What Is a Data Breach?
Put simply, a data breach when information is accessed without authorization. Data breaches can hurt businesses and consumers in a variety of ways. Globally, the average total cost to a company of a data breach is $3.86 million, according to a study by the Ponemon Institute.
In the instance of a data breach, the GDPR and the CCPA outline specific protocols that businesses must follow. Businesses must report data breaches within 72-hours of their occurrence. The reporting must be made to the supervising authority in order to better protect the individual.
How Does the Law Define a Data Breach?
Article 4 of the GDPR defines a personal data breach as a: “Breach of security leading to the accidental or unlawful destruction, loss, alteration, unauthorized disclosure of, or access to, personal data transmitted, stored or otherwise processed.” In the instance of a data breach the prompt reporting process begins.
What is proper reporting protocol in the case of a data breach?
If an organization has a data breach, must comply with the following as stated in article 33 of the GDPR:
- Describe the nature of the personal data breach including where possible, the categories and approximate number of data subjects concerned and the categories and approximate number of personal data records concerned;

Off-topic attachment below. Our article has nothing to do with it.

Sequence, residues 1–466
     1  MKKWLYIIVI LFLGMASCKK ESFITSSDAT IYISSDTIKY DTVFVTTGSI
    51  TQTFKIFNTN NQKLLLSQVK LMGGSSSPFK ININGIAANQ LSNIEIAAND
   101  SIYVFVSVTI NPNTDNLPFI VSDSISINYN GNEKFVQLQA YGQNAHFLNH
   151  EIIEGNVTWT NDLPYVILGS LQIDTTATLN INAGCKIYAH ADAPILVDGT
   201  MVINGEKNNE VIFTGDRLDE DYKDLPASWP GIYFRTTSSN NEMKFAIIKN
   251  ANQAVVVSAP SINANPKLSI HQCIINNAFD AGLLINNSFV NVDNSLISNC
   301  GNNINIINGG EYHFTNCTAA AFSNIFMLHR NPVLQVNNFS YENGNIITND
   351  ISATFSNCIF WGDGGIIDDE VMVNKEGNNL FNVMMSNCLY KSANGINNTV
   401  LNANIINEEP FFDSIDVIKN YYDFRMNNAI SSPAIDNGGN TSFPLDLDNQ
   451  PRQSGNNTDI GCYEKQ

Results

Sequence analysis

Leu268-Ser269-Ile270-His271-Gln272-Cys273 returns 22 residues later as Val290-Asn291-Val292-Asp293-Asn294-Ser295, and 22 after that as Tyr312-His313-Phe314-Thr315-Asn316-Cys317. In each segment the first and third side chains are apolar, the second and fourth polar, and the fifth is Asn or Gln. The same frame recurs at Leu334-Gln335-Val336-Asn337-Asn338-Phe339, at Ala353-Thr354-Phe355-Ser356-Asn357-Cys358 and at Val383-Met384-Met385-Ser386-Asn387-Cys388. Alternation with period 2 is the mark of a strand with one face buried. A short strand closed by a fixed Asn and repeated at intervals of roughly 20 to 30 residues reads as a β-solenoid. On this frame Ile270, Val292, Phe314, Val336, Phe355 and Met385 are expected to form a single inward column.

- Communicate the name and contact details of the data protection officer or other contact point where more information can be obtained;
- Describe the likely consequences of the personal data breach;
- Describe the measures taken or proposed to be taken by the controller to address the personal data breach, including, where appropriate, measures to mitigate its possible adverse effects.
Are There Major Differences in Data Breach Reporting Policy Between GDPR and the CCPA?
Not really, no. Data breach reporting obligations are present in both pieces of legislation guaranteeing the privacy rights of all EU citizens and some United States citizens.
There are a few, slight differences in data breach reporting policy in the pieces of legislation. While the CCPA requires reporting to the California Attorney General, the GDPR requires reporting is done to a more broadly defined supervising authority as defined in article 55 of the GDPR. Interestingly enough, California had a data breach reporting law in place before the CCPA came into existence. The previously passed California Data Breach Notification Law required all businesses in California to report data breaches but the soon-to-be-implemented CCPA better defined these measures without replacing the preexisting framework.